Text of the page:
As a result of all that, any time I have needed yarn for a project my first thought has always been indigodragonfly. Any time I wanted a particular color I knew exactly which one would fit the bill, and it is always an indigodragonfly color. It’s only been two years since I stumbled upon their booth at the Sock Summit, but since then pretty much all of my disposable income has been spent on indigodragonfly yarn.


This is my entire indigodragonfly stash. Isn’t it beautiful? Let’s marvel at it from several different angles.

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Are you done marveling? Yeah, me neither. Go ahead and finish reading this post anyway, I promise the pictures will still be there when you scroll up again.

“That’s a LOT of yarn,” some of you might be saying. “That’s WAY TOO MUCH yarn,” more of you might be declaring. I can assure you, it’s not nearly enough. This yarn is addictive. You can’t just knit one skein. I can’t even manage to knit one skein at a time. Look at all the indigodragonfly WIPs I have going right now.


That’s two shawls, a pair of mittens, a cowl, a hat (now finished), and a bunch of hexipuffs.

“Wow, that’s FIVE WIPs!” some of you might be gasping. “Wow, that’s five WIPs,” some of you may be scoffing while glancing over at your own WIP mountain comprising 20+ projects. To both of you I say, “I KNOW.” ‘Cause either way you slice it, that’s just the tip of the iceberg. If you’re in the “that’s not enough WIPs” camp I can assure you, the only reason there are so few WIPs is because I tend to finish my indigodragonfly projects as quickly as possible. If you’re in the “that’s way too many WIPs” camp, you’re about to think I’m a robot programmed to knit 24/7. Here are all of my indigodragonfly FOs:


That’s 8 shawls (one of them is even crocheted!), 4 cowls, 2 hats, 2 pairs of fingerless mitts, 1 pair of gloves, 1 pair of socks, and a headphone whale. Not pictured are the pair of fingerless mitts that were stolen last year and a shawl I gave away to an ailing family member. Usually I only give away my indigodragonfly FOs to people I see every day so I can still pull out the knits and pet them when they aren’t looking, but that one was a special case.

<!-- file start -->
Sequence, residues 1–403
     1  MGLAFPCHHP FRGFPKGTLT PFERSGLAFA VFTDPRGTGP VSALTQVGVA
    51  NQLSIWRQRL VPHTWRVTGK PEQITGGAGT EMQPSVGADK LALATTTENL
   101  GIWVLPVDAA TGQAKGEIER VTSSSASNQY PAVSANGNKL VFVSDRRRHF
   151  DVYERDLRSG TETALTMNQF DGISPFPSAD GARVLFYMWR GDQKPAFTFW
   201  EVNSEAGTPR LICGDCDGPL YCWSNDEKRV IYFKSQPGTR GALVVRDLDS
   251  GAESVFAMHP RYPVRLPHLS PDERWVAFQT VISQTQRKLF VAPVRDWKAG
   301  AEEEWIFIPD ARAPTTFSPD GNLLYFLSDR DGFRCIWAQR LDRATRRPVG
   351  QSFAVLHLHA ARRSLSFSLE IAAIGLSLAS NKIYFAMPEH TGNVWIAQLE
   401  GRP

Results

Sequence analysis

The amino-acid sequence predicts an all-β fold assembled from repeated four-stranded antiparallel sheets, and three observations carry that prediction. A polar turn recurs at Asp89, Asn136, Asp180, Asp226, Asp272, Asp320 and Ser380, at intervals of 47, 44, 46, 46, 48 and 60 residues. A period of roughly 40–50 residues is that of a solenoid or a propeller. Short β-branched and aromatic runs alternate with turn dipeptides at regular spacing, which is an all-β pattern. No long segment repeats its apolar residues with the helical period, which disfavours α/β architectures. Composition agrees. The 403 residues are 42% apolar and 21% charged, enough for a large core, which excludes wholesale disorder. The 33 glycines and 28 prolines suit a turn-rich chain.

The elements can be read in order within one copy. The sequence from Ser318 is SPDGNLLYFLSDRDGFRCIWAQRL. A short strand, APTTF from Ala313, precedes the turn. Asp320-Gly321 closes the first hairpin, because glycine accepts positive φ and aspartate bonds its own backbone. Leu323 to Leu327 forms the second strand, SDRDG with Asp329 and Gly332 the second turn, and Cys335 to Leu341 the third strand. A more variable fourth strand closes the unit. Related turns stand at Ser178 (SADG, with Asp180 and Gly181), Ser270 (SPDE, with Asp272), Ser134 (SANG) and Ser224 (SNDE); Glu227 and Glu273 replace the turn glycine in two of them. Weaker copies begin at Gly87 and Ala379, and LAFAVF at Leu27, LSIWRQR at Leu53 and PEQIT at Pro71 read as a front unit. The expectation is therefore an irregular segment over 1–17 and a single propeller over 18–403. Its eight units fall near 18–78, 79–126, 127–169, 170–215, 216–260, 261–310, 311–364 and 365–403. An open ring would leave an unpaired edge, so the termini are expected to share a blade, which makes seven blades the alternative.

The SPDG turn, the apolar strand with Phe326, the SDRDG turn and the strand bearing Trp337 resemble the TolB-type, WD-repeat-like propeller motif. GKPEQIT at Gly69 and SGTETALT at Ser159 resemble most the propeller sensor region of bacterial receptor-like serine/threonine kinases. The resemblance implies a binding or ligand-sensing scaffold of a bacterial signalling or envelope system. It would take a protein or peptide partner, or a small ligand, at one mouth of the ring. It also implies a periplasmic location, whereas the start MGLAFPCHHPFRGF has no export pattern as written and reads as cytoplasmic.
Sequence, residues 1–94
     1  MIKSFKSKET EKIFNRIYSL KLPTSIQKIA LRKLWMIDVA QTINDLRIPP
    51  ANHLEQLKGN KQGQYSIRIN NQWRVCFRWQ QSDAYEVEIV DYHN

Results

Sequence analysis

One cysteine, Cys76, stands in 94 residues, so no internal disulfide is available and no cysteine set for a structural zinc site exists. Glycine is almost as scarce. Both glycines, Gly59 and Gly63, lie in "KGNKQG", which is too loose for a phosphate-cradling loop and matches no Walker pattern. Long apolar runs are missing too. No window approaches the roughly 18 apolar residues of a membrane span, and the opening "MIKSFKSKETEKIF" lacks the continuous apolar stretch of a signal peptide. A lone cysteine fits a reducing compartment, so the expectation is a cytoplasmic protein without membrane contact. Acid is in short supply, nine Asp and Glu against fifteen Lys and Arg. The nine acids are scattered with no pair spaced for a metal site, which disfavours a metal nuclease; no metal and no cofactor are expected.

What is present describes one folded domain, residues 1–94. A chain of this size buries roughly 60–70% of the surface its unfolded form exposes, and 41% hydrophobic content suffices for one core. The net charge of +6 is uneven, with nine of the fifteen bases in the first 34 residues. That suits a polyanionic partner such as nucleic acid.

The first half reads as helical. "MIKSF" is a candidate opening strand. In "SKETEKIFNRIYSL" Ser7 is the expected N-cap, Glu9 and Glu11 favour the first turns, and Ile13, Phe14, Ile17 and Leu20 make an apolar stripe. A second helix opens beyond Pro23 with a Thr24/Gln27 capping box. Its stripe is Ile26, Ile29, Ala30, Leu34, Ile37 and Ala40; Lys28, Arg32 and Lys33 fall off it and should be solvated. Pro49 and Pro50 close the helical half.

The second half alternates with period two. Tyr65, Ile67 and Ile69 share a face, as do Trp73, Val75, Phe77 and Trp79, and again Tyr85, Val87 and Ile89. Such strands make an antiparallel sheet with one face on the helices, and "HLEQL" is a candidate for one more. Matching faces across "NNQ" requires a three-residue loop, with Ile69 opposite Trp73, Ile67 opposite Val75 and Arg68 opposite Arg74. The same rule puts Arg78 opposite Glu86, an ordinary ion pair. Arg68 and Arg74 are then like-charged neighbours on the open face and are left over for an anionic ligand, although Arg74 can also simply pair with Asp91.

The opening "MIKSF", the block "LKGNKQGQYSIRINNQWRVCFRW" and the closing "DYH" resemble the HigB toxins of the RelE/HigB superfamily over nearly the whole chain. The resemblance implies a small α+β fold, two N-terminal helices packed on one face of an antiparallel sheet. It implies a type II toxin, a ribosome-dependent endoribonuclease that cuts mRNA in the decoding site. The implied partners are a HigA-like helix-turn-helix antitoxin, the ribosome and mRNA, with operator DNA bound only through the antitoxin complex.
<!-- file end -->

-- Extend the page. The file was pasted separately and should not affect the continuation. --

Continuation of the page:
So, just to reiterate, that’s 21 FOs in only two years! Or another way to look at it is 35 skeins in two years. At that rate, I only have enough indigodragonfly yarn left to last me four years! We’re not talking SABLE here (Stash Acquisition Beyond Life Expectancy), this is actually a pretty modest collection based on my indigodragonfly consumption rate. And from what I’ve seen on Ravelry, I’m not even that rabid of a customer. There are others with indigodragonfly stashes that surpass mine, and they seem to knit from it at approximately the same rate.

The reason I’m showing you all of this is so you can understand the sheer volume of skeins Kim and Ron must have to dye in order to keep up with their voracious customers. Now imagine doing all of that dyeing without a studio. For the past four years, that’s what they’ve been doing. All of that dyeing has been accomplished in their kitchen – you know, the kind that was built to make food for a couple of people. It’s getting uncomfortable. They would like to eat sometimes, and maybe walk through their living room without having to play Mission Impossible as they navigate over, under, and around all the yarn that has taken over their house.

They need a studio. Their sanity, and the sanity of all of those who depend on their crack – I mean yarn – supply depends on it. To that end, they have begun an Indiegogo campaign!

indigodragonfly Indiegogo

They have AMAZING perks too, like a project bag (if it’s anything like their club project bags, I can tell you they’re awesome!), yarn in an exclusive thank-you-for-helping-us-build-our-studio colorway, and membership in a brand new fiber club! I’m not even a spinner yet and I’m drooling over the prospect of a fiber club.